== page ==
A man happy as he is losing weight




Lentils are good for us. They are pulses and are higher in protein and starchy carbohydrates than most vegetables. Apart from being healthy, filling, quick to prepare and an inexpensive store cupboard ingredient, you can make them even faster by buying them in cans or ready cooked pouches.

Lentils also provide good to excellent amounts of seven important minerals, our B-vitamins, and protein—all with virtually no fat. The calorie cost of all this nutrition? Just 230 calories for a whole cup of cooked lentils.

Of all legumes and nuts, lentils contain the third-highest levels of protein. 26 percent of lentil’s calories are attributed to protein, which makes them a wonderful source of protein for vegetarians and vegans. They provide a useful substitute for meat eaters who would like to replace some of their meaty meals, try replacing the meat in bolognese, chillies and curries with lentils to reduce the calorie and fat count, especially the saturated fat in meat that is linked with an increased risk to cardiovascular disease. Try replacing a couple of meaty meals each week.

Lentils are also a good source of folate and magnesium, which are big contributors to heart health. Folate lowers your homocysteine levels, a serious risk factor for heart disease. Magnesium improves blood flow, oxygen and nutrients throughout the body. Low levels of magnesium have been directly associated with heart disease, so eating lentils will keep your heart happy!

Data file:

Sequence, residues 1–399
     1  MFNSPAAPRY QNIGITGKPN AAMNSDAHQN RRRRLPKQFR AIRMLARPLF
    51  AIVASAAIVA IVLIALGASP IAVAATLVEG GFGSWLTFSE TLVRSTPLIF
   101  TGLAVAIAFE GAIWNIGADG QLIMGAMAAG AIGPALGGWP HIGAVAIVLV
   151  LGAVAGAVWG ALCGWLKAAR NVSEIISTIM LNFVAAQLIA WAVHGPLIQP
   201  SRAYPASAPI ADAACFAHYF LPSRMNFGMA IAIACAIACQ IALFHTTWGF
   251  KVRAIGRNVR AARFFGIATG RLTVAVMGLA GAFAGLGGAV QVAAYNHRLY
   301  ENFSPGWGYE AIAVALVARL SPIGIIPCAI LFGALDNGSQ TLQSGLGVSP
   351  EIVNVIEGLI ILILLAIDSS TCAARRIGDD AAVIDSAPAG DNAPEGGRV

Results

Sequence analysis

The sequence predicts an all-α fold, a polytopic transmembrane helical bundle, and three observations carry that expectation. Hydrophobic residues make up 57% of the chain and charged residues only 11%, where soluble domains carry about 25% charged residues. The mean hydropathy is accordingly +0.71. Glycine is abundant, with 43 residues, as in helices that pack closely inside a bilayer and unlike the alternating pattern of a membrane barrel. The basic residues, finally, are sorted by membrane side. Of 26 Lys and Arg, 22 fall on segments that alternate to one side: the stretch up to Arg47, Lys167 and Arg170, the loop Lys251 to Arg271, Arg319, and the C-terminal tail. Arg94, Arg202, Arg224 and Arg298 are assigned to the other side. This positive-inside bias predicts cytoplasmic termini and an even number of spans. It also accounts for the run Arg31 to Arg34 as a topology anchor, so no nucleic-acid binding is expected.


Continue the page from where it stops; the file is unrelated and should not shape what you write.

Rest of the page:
Lentils also count as one of your vegetable and fruit targets, a 60g uncooked portion of lentils will count as one.

One serving of lentils will provide 4g of fibre, much of it being the soluble form that can help to reduce cholesterol, the fibre traps carbohydrates, slowing down digestion and stabilising blood sugar levels. This can be especially helpful for those with diabetes, insulin resistance or hypoglycaemia.

As lentils have a low glycemic index, it means they produce a slow, sustained rise in blood sugar, helping us maintain stable energy levels and keep us feeling full.

There are different kinds of lentils, the most common being:

Green and brown which have a mild earthy flavour. They retain their shape after cooking so are ideal for warm salads, casseroles and stuffing.

Puy lentils are grey-green lentils, grown in the French region of Le Puy, are often more expensive than other common cooking varieties and are thought to be superior in texture (which they retain after cooking) and they have a rich, peppery flavour.

Red split lentils when cooked form a rich puree and therefore are superb for thickening dishes such as soups and casseroles. They are also often cooked with spices to make the Indian side dish, dhal.

Yellow lentils we quite similar to Red Split lentils, the yellow variety are used in a similar way and are great for adding colour to winter dishes.

Beluga lentils are black, have a rich flavour and hold their shape when cooked.